Shifting to Second, Third, and Fourth Positions on the Cello
Thanks for watching our video on shifting to second, third, and fourth positions on the cello! One of the biggest road blocks I’ve noticed with early beginners is trusting shifting to different positions.
And yet very little music can be played without this indispensable component of cello playing. In this video, we hope to clear up a few different ways of approaching switching positions.
The positions on cello are named for the diatonic (scale-wise) note that the first finger replaces. In second position, the first finger is on the second note of a scale – either up a half step or a whole step.
The third position is where the first finger is on the third note of a scale, whether minor or major. And fourth position is on the fourth scale degree up from the first position.
There is also half position, which is down a half step from first position, and isn’t called first position because it isn’t used as often as extensions for hitting flat notes.
One of the most helpful tips for keeping your hand position intact is to always keep thumb behind your second finger for every position until fourth position, where your thumb will be under your first finger.
This helps keep the hand stable and the other fingers in position to play. You already shouldn’t be gripping the cello, but merely resting your hand on the fingerboard, with your thumb just touching the back.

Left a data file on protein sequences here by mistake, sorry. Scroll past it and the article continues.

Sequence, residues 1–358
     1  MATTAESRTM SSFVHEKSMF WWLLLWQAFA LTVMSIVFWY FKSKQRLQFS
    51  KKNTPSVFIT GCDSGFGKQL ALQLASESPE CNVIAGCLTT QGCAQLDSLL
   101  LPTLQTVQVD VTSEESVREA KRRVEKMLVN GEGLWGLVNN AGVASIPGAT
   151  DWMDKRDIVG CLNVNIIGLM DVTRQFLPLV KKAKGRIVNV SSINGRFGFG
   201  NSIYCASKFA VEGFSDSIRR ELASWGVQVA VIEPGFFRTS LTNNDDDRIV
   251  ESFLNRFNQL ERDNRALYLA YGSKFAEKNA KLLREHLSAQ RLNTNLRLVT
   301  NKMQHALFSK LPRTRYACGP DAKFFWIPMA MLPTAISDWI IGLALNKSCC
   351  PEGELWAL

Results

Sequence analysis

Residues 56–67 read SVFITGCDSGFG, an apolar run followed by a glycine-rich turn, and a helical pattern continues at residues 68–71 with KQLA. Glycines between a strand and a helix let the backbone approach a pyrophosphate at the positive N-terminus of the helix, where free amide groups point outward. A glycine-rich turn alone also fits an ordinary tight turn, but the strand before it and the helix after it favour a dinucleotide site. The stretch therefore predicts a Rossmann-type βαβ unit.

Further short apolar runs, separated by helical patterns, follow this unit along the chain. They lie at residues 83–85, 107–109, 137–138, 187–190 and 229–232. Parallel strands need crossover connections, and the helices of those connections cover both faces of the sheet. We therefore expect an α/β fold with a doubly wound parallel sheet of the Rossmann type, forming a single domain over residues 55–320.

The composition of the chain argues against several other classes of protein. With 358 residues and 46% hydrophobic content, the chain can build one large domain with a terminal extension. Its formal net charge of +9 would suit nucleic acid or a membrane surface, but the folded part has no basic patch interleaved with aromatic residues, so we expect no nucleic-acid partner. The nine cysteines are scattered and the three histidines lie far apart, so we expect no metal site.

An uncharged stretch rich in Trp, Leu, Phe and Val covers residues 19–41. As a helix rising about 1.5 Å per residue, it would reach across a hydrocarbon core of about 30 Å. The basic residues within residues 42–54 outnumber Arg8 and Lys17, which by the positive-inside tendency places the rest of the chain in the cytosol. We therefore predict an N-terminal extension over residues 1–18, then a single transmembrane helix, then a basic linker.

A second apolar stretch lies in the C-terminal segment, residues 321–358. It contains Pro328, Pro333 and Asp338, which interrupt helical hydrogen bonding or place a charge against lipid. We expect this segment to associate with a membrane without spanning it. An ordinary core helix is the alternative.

So shifting should be an easy thing. Perhaps too easy, and then there are intonation problems. But we’ll get to that.
The most important thing about learning this different positions is to establish the muscle memory for each individually first. Find each position, on each string, and take note of the angle of your shoulder, elbow, hand, and fingers, and always with a straight wrist.
There are small but significant differences between even a half step difference in position, or just between two adjacent strings. Try playing 1-2-3-4 fingerings up and down the instrument, disregarding normal scales, in each position just to feel more comfortable.
When it comes time to actually shift, you can actually preface your shift by getting your shoulder and elbow into place for the new position early.
This way your hand simply moves into place, in the position that feels most natural. If you shift out of tune, don’t worry! The worst thing you can do is get frustrated and angrily keep trying to make it work.
The best thing you can do is try to identify by how much sharp or flat you were, and then try to replicate the exact thing you just played, even if “out of tune.”
This will also help your muscle memory, as you’ll know what it feels like to play the out of tune note, and will help you be more intentional overall, which will help you be in tune.
Don’t neglect the bow during all of this. When the bow sounds bad, it makes everything sound bad, and then it’s harder to feel confident in your playing even if your shift was mostly in tune.
Try to incorporate shifting and intonation concepts all together with each other and all the other elements that make up music. This will help keep you on target with actually playing in tune.
All in all, shifting positions is unavoidable, and even simple melodies can benefit from cleverer fingerings that sound more musical. Even though it can take some time, just keep at it and you’ll appreciate your efforts later!
Thanks again for watching! We’ve been making cello lesson videos for a few months now, and there are over a dozen lessons to help you learn this wonderful instrument.
It can be challenging, but a most helpful and rewarding experience. Justin Lepard is your cello teacher. He is an accomplished cellist in LA, playing with a wide variety of musical groups and having solos in many films including Togo on Disney+ and The Invisible Man.
Whatever problems you encounter, with posture, fingerings, intonation, bowings, repertoire, and more, we have or will have the video to help you on your journey. Be sure to subscribe for all our cello lessons.